"Extract" is all about that frustration. This isn't a misanthropic picture; its true subject is the way love for our fellow human beings is so often thwarted by their actual behavior -- and still, stupidly perhaps, we just won't give up on them. "Extract" demands that we navigate a sea of shifting sympathies. Sometimes Joel is the buffoon, the fat-cat company owner who doesn't know how good he has it, compared with his employees. But when Brian refers to several employees, in quick succession, as "Dinkus," Joel points out, diplomatically, that he never has any idea whom Brian is talking about -- perhaps he might take the time to learn the employees' names? And one of the floor workers, a gossipy, pinched-looking woman named Mary (Beth Grant), continually complains that no one else in the plant ever does any work; she makes these pronouncements while standing around with her hands on her hips, as her own responsibilities drift by on the conveyor belt before her. When her purse is stolen -- and this is after our grifter friend Cindy appears on the scene -- she points her bony finger at one of the dutiful, silent Mexican workers Joel employs. Again, Mary is a recognizable type -- but Judge uses her as a way of pinpointing what's so often wrong about the way we look at the world, the way the easiest conclusions are often the wrong ones.

Judge gives his actors a rich playground here: Kunis is a sexy, hardhearted little charmer; Wiig, as always, is terrific, toning down her deadpan wackiness just a bit in a way that serves her role. And Bateman, whose performances in recent pictures like "Hancock" and "State of Play" have been consistently pleasurable to watch, is wonderful here: His face is always ready to register pleasure, befuddlement or sometimes both at once; he's the ultimate well-meaning Everyman, stumbling every other step on his way to what he perceives as human perfection, or at least human OK-ness.

"Extract" is a terrible title for a movie, but it makes more sense if you think of it as both a noun and a verb: In the latter sense, it might refer to the necessity of removing yourself from an outmoded way of thinking about life, or of drawing out the poison that can build up inside of us when we're not paying attention. I want to make sure I don't paint "Extract" as some sort of beatific, feel-good exercise. There's no redemption in "Extract." Bad characters don't miraculously turn good; truth-telling isn't rewarded with warm, fuzzy feelings or even a sense of relief. But somehow I left "Extract" feeling better about the world -- a feeling that managed to outlast even my subway ride home.

That's saying something, considering that when I reached the platform, I was greeted by an almost perpetual high-pitched screech, emitting from a child of around 2 strapped in a stroller. Everyone turned to look, partly out of curiosity (this was a very big sound for such a little guy) and partly to make sure everything was OK, which it seemed to be. The mother, who also had two little girls in tow, was patiently trying to hold the situation together as best she could. The sympathetic West Indian woman standing next to me surveyed the situation and suggested that perhaps this was the child's only way of communicating -- he didn't seem to be able to speak.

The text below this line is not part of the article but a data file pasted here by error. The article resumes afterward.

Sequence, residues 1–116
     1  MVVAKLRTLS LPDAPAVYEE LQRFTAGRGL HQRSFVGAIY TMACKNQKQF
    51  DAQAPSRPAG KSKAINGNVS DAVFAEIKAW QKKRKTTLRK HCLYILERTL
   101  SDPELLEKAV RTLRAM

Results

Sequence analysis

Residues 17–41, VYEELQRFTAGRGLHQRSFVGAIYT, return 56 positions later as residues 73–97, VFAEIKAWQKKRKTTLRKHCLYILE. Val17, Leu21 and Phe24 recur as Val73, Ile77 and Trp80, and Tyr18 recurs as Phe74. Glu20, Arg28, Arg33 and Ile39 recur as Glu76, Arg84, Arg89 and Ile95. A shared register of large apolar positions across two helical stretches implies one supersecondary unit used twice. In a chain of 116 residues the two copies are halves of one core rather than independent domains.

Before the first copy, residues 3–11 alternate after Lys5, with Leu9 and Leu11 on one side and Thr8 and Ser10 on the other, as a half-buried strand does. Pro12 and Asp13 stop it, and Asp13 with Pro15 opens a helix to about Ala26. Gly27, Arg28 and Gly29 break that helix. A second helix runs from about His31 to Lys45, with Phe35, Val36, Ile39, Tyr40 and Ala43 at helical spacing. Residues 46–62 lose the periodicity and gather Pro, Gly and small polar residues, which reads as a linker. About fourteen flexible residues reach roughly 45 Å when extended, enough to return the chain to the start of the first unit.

The train arrived, and the mother and her troupe entered the car, where the noise was only intensified -- no one could ignore it. Two beefy white guys in their mid-20s sitting across from me, who might have been considered good-looking if they didn't have such mean little eyes and tight little smiles, started in with their wisecracks: "Shut that kid up!" said one. His buddy smirked and rejoindered, loud enough for everyone around him to hear, "I'll shut it up -- I'll smother it."

Considering I'd just come out of a strange and sweet picture that takes such a forgiving view of mankind's considerable flaws -- and one that had made me laugh, as opposed to being constructed like some boring civics lesson -- I felt as if I'd just been returned to Earth via crash landing. It never ceases to amaze me how eager some people are to present their ugliest side to the world. But the more I thought about it, the more I realized that the scene around me -- including the screaming child, the frustrated, embarrassed mother, the kindly bystander and the thuggish boneheads -- could have been drawn from a Mike Judge movie, and that if nothing else, the ideas Judge flirts with in "Extract" might provide a kind of permeable armor for navigating the world. People can be horrible; none of us should be surprised by that. The flip side of that certainty is that, thankfully, people can and do surprise us -- it's their job, after all.

By Stephanie Zacharek

Stephanie Zacharek is a senior writer for Salon Arts & Entertainment.